Sen. Lindsey Graham warned that he will subpoena the Trump administration for evidence supporting the president's claim he was wiretapped and could soon join efforts to hold up the deputy attorney general nominee.
The South Carolina Republican - one of the chief skeptics of President Donald Trump's Russia policy - added that he would block the nomination of Rod Rosenstein as the No. 2 man at the Justice Department if FBI Director James Comey does not clarify on Wednesday whether the bureau is probing the Trump team's alleged ties to Russia.
Graham made the statements on NBC's "Today" show Wednesday morning, warning that "Congress is going to flex its muscle" with the Trump administration if it does not start to provide lawmakers with answers regarding Russia.
"We'll issue a subpoena to get the information, we'll hold up the deputy attorney general's nomination until Congress is provided with information to finally clear the air as to whether or not there was ever a warrant issued against the Trump campaign," said Graham, who is leading the Senate Judiciary Committee's probe into allegations of Trump-Russia ties.
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The frustration with . Comey is boiling over in the Senate Judiciary Committee, where Tuesday night, Chairman Charles Grassley, R-Iowa, said that he would not schedule Rosenstein for a confirmation vote until Comey briefed his committee on Russia. Grassley, along with ranking member Dianne Feinstein, D-Calif., first requested such a briefing after former National Security Adviser Gen. Michael Flynn resigned last month.
But preventing Rosenstein from starting his job sooner may only hurt those looking to get to the bottom of the matter. Attorney Gen. Jeff Sessions, a close Trump ally who served as a campaign adviser, has recused himself from investigating anything related to Trump - meaning it would fall to the deputy attorney general to take charge of such probes.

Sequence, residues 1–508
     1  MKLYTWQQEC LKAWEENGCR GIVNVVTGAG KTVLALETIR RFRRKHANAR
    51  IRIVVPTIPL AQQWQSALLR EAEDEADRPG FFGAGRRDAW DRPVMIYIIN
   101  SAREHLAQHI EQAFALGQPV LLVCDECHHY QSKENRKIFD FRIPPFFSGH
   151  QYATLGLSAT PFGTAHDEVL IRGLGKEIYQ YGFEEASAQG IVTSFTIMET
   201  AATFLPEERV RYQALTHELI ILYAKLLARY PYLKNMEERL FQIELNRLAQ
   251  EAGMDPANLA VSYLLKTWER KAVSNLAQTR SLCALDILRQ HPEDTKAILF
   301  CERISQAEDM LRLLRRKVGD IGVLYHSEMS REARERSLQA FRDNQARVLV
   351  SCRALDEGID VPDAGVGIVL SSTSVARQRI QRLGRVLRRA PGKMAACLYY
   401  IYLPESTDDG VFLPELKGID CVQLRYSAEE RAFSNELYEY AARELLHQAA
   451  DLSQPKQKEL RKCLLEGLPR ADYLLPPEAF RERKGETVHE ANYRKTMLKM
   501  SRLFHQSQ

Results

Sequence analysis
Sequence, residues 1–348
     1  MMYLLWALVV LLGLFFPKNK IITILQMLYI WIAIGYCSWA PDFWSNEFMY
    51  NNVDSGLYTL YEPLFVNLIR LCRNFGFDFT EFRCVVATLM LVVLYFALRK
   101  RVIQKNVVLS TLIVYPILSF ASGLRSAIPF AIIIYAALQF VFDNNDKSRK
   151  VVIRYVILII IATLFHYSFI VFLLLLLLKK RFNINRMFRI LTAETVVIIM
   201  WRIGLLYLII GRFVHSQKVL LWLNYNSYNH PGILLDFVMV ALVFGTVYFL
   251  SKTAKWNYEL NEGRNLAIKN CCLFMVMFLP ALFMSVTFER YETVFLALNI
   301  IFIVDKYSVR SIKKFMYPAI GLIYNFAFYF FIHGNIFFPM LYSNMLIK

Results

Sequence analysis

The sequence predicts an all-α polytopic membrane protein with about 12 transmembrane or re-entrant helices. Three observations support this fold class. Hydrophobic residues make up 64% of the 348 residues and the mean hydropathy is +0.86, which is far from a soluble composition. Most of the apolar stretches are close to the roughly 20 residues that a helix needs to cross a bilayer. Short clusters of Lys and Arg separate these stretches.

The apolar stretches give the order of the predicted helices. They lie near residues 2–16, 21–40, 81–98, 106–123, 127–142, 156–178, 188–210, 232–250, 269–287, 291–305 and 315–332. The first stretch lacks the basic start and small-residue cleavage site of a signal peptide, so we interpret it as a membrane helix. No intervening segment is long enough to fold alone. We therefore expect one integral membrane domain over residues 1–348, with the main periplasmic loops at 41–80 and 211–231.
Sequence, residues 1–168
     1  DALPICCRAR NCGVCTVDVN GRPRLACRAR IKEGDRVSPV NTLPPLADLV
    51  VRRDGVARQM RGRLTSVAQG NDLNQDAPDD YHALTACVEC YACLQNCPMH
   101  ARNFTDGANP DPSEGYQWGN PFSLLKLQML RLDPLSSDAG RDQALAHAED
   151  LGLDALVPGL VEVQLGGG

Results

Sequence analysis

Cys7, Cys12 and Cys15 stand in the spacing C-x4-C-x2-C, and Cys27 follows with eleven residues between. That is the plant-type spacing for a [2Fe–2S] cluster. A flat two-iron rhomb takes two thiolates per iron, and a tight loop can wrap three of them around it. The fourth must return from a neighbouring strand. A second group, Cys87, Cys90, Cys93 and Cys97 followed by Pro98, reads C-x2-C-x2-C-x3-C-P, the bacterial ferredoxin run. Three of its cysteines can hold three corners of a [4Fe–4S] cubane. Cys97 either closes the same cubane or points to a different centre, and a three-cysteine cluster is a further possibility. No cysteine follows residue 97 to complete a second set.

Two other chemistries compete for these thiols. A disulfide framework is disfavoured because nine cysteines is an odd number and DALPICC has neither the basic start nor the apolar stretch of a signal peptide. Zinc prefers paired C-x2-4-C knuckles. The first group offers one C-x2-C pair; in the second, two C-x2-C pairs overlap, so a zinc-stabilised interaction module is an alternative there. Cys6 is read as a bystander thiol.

Grassley has given Graham, who chairs the Judiciary Committee's Crime and Terrorism panel, the reins of the full committee inquiry into allegations that Russia meddled in the 2016 elections.
Graham argued Wednesday morning that it was vital he know whether the FBI has an active criminal investigation surrounding Trump so that his probe doesn't get in the way.
"Is there an investigation? Because I need to know before I move forward into investigating Russia from a congressional lens - I don't want to interfere with a criminal investigation if there is one," Graham said. He added, however, that he thinks "the entire country needs to know if there's something there there."
Graham said he communicated to Comey the Wednesday deadline during a meeting he and Sen. Sheldon Whitehouse, D-R.I., held with the FBI director two weeks ago. Since then, he and Whitehouse have sent a formal letter to the Department of Justice, asking for any proof that wiretapping warrants were sought, or issued, against Trump and his associates. Trump charged - without offering proof - in a recent tweet that then-President Barack Obama had wiretapped his offices during the presidential campaign.
White House press secretary Sean Spicer said Tuesday that Trump is "very confident" that the president's wiretapping claim will be ultimately vindicated, though he acknowledged that Obama did not personally tap Trump's phones when he was running for president.
"I haven't heard a thing," Graham said, adding that if he doesn't receive that information today, "the Congress is going to ramp up the pressure."
In the meantime, however, Comey has been making trips to Capitol Hill to brief other lawmakers on the Senate Intelligence Committee and in the "Gang of Eight" - the lawmakers who get Congress's highest-level intelligence breifings. Comey is also scheduled to return to Capitol Hill on Monday, when he is expected to brief the House Intelligence Committee in an open hearing on issues surrounding allegations of Russian interference in the 2016 elections.
The House Intelligence Committee gave the Justice Department an extension until Monday, the day of the open hearing, to answering their letter demanding to see evidence of such wiretaps, before Chairman Devin Nunes, R-Calif., is expected to consider subpoenaing the information.
Most members of Congress who have commented on the claims say they do not believe there was ever an approved wiretap against Trump, and not a single Intelligence committee member has said they have seen any evidence suggesting the action. Though the Intelligence committees are expected to look into the allegations, any have challenged the president to back up his accusation before Congress gets too deeply involved.
"I don't think there's a warrant, but I wish they'd tell me one way or the other," Graham said Wednesday. He added this advice to the president: "If you want to challenge the Congress to do things in the future, we'll take you up on it."